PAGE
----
All patients were immobilized with thermoplastic mask. Computed Tomography (CT) (Siemens Sensation™, Munich, Germany) scan data (3 mm thickness, 512 × 512 pixels) was obtained from vertex to carina before imported into the Monaco 3.2 treatment planning system (TPS) (Elekta AB, Stockholm, Sweden).

In accordance with the Radiation Therapy Oncology Group (RTOG) 0225 and 0615 protocols [12, 13], Gross Tumor Volume (GTV) covered gross tumor and regional metastatic nodes measuring more than 1 cm in diameter and/or showing central necrosis on the CT image. The CTV72.6 encompassed the GTV with a 0.5 cm margin; The CTV63.6, defined as the high-risk regions, included CTV72.6 and the entire nasopharynx, clivus, skull base, pterygoid fossae, parapharyngeal space, inferior sphenoid sinus, posterior third of the nasal cavity, maxillary sinuses as well as the retropharyngeal and upper deep jugular lymph node regions. Low jugular and supraclavicular regions with lymph node metastasis were also included in the CTV63.6. The CTV54, defined as the low-risk regions, included low jugular and supraclavicular regions without lymph node metastasis. The CTV72.6, CTV63.6 and CTV54 were all expanded by a 3 mm margin for PTV72.6, PTV63.6 and PTV54 to account for patient setup errors. The defined target volumes received three dose levels. The median absorbed-dose (D50%) prescriptions were 72.6 Gy/33f to PTV72.6, 63.6 Gy/33f to PTV63.6 and 54 Gy/28f to PTV54. According to ICRU83 [14], the planning objectives included: D98% (near-min dose) of the PTV72.6, PTV63.6 and PTV54 are no less than 90% of planned absorbed dose, respectively. D95% of the PTV72.6, PTV63.6 and PTV54 are no less than 95% of planned absorbed dose respectively. D2% (near-max dose) of the PTV72.6 is no more than 107% of planned absorbed dose respectively. (D2%, D98% and D95% represent the minimum absorbed dose received by 2%, 98% and 95% of the target volume, respectively). Regarding the OARs, the maximum doses to the brain stem and the spinal cord were set as 54 Gy and 45 Gy, respectively. In addition, at least one of the parotid glands should receive a mean dose of no more than 26 Gy, or at least 50% of one gland should receive <30 Gy. The dose constraints to other normal tissues are all listed in Table 1.

Table 1 Dose constraints for the critical structures

Planning technique

VMAT and IMRT plans were all generated by Monaco 3.2 TPS on the Axesse™ linac. Coplanar beams using 6-MV photon were applied to all plans. On the Axesse™ linac, Integrity™ supports Continuous Variable Dose Rate (CVDR) which makes the delivery of the prescription faster and smoother when compared to Banned Variable Dose Rate (BVDR) [15]. CVDR of the Axesse™ linac ranges from 45 MU/min to 660 MU/min. The thansmission and penumbra measurements of newly designed MLC of the Agility™ have a significant improvement compared to previous published data [16]. The Agility™ has a160-leaf MLC of projected width 5 mm at the isocenter, designed to replace the tongue-and-groove system and allow for complete interdigitation and non-contiguous field shape. Instead of using a tongue-and-groove design to reduce interleaf leakage, the Agility™ slightly tilted the leaves relative to the actual beam divergence [1719].And due to the dynamic jaws orthogonal to the direction of leaf movement, leaf transmission is no more than 0.5% [16, 20]. Thanks to these designs, the Agility™ has avoided tongue-and-groove effect, which may be easily seen on RapidArc [21]. The maximum speed of the dynamic leaf guide (DLG) is 3 cm/s. MLC maximum speed is 3.5 cm/s and can approach 6.5 cm/s with the aid of the DLG. The gantry maximum rotation velocity is 6°/s. The minimum segment width was set at 5 mm with the minimum Monitor Units (MUs) of control points (CPs) at 1MU. The X-ray Voxel Monte Carlo (XVMC) algorithm is used for the final dose calculation and segment optimization [22], with a calculation grid of 3 mm and 3% standard deviation.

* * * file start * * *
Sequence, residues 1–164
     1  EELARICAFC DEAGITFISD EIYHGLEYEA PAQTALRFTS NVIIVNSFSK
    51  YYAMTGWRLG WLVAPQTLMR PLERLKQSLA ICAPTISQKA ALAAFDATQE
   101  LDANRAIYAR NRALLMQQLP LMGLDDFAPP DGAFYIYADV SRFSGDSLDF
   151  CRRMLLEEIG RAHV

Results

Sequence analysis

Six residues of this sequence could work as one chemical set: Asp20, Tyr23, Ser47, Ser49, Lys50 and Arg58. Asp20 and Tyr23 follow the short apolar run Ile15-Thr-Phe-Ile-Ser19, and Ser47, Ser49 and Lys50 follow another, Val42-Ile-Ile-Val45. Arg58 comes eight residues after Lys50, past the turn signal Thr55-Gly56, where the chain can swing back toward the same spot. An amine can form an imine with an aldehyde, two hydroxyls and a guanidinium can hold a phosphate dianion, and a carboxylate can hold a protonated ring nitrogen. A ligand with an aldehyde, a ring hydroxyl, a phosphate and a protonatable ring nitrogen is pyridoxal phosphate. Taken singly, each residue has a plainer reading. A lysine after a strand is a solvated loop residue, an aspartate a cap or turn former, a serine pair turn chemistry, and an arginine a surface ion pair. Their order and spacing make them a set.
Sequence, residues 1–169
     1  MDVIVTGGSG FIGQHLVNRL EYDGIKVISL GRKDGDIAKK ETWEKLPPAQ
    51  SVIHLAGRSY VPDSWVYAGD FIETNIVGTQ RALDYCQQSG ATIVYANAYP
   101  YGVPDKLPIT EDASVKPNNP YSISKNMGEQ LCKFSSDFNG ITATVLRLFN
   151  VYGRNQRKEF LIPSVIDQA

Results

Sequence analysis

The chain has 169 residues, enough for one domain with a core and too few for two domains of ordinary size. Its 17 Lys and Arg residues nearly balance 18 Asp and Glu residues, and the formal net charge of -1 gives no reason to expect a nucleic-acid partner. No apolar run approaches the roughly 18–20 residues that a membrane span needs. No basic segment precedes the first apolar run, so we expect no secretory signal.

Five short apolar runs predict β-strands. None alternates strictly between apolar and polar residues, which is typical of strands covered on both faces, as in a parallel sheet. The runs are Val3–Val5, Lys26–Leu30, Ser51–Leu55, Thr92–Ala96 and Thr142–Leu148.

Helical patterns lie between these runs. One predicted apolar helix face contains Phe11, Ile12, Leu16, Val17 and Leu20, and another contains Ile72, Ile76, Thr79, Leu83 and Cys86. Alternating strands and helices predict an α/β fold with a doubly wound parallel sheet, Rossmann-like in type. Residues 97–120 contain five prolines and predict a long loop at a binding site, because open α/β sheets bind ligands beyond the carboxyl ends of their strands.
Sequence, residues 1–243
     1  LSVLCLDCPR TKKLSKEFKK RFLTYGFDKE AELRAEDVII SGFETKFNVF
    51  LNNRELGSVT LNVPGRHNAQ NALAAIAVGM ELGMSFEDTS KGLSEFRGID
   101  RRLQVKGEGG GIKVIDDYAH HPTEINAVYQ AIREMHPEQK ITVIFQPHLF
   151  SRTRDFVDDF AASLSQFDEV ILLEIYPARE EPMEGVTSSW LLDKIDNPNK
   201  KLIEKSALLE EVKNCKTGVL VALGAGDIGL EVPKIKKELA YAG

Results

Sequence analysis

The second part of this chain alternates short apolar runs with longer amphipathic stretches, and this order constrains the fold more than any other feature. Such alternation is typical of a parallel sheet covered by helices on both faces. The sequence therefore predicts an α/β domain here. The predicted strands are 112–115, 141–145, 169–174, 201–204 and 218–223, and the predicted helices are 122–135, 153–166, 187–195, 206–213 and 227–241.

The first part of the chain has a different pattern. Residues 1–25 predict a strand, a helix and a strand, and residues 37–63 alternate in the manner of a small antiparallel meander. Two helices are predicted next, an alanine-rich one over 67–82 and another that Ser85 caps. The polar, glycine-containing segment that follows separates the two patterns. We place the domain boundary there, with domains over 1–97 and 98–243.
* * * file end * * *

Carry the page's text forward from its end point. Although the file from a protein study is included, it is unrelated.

dIMRT and ssIMRT

Both dIMRT and ssIMRT plans were generated with 9 equidistant coplanar beams uniformly distributed into 0°, 40°, 80°, 120°, 160°, 200°, 240°, 280°, 320°. The maximum CPs of each angle was 15.


The rotating arc was set from −180° to 180°. The maximum CPs for VMAT1 was 180, and the maximum CPs per arc for VMAT2 was 120, which has been shown to be adequate for both efficiency and plan quality in our department.

Dose-volume histograms (DVHs) and dose comparisons

All the data is based on DVHs calculated using the Monaco 3.2 TPS (Elekta AB, Stockholm Sweden). The dosimetric comparison criteria were as follows:

  1. 1.

    Homogeneity Index (HI): used for evaluation of the PTV coverage by the prescription isodose. Formula: HI = (D2%-D98%)/D50% [23].

  2. 2.